Bencic was ranked 45 at the time and was still on the comeback trail following a slew of injuries that derailed her career. The talented Swiss had reached No 7 in the world back in 2016, when she was just 18 years old. But a lower back injury, a left wrist problem that required surgery, and a pre-stress fracture in her foot, halted her progress.
When she came to Dubai 12 months ago, Bencic hadn’t won a tour-level title since her stunning victory in Toronto in 2015, when she upset four top-10 players – including Serena Williams and Simona Halep – en route to the trophy.
It felt like déjà vu when Bencic reigned supreme at the Dubai Duty Free Tennis Stadium last year, toppling four top-10 players back-to-back to clinch her first tour-level crown in nearly four years.
That success provided the launch pad Bencic needed to get back to where she belongs, and she ended 2019 ranked No 7, and was voted the WTA’s Comeback Player of the Year.
It’s often the tiniest of margins that can make the biggest differences, and for Bencic, her last-16 clash with the then ninth-ranked Aryna Sabalenka in the Emirates is a reminder of that.
Bencic saved six match points against the Belarusian in a late-night showdown to grab a spot in the quarter-finals. She was down a break twice in the final set and trailed 1-4 in the deciding tiebreak, but still managed to escape. You wonder how her season would have gone had she lost any of those match points.
Her battling days were not over though. Against Halep in the quarters, Bencic came back from a set down. In the semis, two-time defending champion Elina Svitolina served for the match but Bencic somehow survived.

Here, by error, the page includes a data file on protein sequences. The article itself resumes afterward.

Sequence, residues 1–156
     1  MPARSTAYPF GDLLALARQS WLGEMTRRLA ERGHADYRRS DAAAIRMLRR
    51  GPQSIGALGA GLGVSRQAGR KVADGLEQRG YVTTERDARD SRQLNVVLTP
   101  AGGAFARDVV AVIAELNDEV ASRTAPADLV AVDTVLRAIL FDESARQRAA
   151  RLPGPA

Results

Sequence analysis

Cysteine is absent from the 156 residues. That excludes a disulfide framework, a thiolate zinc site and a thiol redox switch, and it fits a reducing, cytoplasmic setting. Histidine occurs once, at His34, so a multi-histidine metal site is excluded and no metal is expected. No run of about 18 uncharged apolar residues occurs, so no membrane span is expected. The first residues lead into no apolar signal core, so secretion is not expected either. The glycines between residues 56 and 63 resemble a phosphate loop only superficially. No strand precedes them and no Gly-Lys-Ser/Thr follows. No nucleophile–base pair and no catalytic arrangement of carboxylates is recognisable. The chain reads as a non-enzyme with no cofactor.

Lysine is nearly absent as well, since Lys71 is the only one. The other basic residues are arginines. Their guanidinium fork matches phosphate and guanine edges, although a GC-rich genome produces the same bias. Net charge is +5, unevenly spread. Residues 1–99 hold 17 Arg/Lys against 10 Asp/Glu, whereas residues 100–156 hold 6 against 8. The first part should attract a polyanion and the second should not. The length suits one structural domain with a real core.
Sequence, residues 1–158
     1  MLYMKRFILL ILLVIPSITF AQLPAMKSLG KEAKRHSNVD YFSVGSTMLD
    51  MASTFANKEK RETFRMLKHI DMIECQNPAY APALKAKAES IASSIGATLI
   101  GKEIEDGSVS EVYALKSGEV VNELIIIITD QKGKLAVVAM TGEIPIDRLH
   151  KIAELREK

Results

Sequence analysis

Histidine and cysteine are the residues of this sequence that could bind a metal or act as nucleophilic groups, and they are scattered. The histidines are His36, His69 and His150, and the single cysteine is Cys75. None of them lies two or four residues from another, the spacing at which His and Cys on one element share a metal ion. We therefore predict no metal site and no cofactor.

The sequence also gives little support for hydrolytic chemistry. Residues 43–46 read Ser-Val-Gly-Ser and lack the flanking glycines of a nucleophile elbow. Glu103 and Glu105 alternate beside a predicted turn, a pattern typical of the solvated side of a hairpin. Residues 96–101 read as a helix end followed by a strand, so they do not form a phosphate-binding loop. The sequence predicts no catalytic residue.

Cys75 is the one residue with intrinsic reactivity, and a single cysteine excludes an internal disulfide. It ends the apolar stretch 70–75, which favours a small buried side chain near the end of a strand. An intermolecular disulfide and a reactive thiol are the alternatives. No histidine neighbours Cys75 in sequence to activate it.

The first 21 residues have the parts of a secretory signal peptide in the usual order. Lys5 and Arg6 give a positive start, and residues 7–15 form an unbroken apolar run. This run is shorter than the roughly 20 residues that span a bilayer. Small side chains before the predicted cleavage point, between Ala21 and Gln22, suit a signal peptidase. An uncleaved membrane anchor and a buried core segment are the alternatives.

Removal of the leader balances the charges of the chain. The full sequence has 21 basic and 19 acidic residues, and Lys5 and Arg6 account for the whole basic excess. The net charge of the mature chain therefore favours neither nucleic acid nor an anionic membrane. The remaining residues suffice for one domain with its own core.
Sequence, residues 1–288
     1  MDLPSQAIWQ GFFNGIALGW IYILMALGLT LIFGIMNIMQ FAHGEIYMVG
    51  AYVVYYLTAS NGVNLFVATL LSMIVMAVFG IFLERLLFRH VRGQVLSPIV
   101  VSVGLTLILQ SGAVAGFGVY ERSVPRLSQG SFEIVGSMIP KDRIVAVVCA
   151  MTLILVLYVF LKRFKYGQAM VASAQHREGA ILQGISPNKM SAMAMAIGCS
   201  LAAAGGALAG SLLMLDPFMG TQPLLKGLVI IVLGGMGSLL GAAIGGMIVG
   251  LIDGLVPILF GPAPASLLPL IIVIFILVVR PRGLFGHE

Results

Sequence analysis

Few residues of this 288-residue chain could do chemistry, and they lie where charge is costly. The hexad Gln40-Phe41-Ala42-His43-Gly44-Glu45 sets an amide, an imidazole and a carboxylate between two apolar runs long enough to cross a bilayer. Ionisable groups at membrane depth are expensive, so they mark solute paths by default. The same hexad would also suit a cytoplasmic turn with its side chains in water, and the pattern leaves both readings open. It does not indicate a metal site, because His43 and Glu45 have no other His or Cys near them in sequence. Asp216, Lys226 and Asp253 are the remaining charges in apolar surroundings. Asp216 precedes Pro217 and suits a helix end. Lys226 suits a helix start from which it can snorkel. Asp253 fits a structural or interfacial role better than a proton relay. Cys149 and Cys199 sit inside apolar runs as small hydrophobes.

In the final, she won a fourth consecutive three-setter to overcome Petra Kvitova, who had blitzed Bencic just a few weeks earlier at the Australian Open.
"I just remember in every match I was down, I was not leading the match for sure and somehow I always managed to turn it around and come back," Bencic told The National ahead of her title defence in Dubai next week.
“It was really nice, I had nothing to lose, I played great, I felt great, because I played three-set matches. Overall it was a very emotional week for me.”
Her fellow Swiss Roger Federer lifted the men’s Dubai trophy a week later, and he was around when Bencic was bulldozing the field.
“I thought the way she did it was tremendous,” Federer said of Bencic’s run. “I’m happy that everything is coming together with her father and her fitness coach right now.”
Bencic stopped working with her father Ivan as her coach for two years but they reunited end of 2018 and the decision is obviously paying off. The 22-year-old has a tight-knit team and mostly just travels with her dad and her fitness trainer Martin Hromkovic.
She hit an important milestone last Autumn when she reached a Grand Slam semi-final for the first time at the US Open, upsetting world No 1 and defending champion Naomi Osaka en route.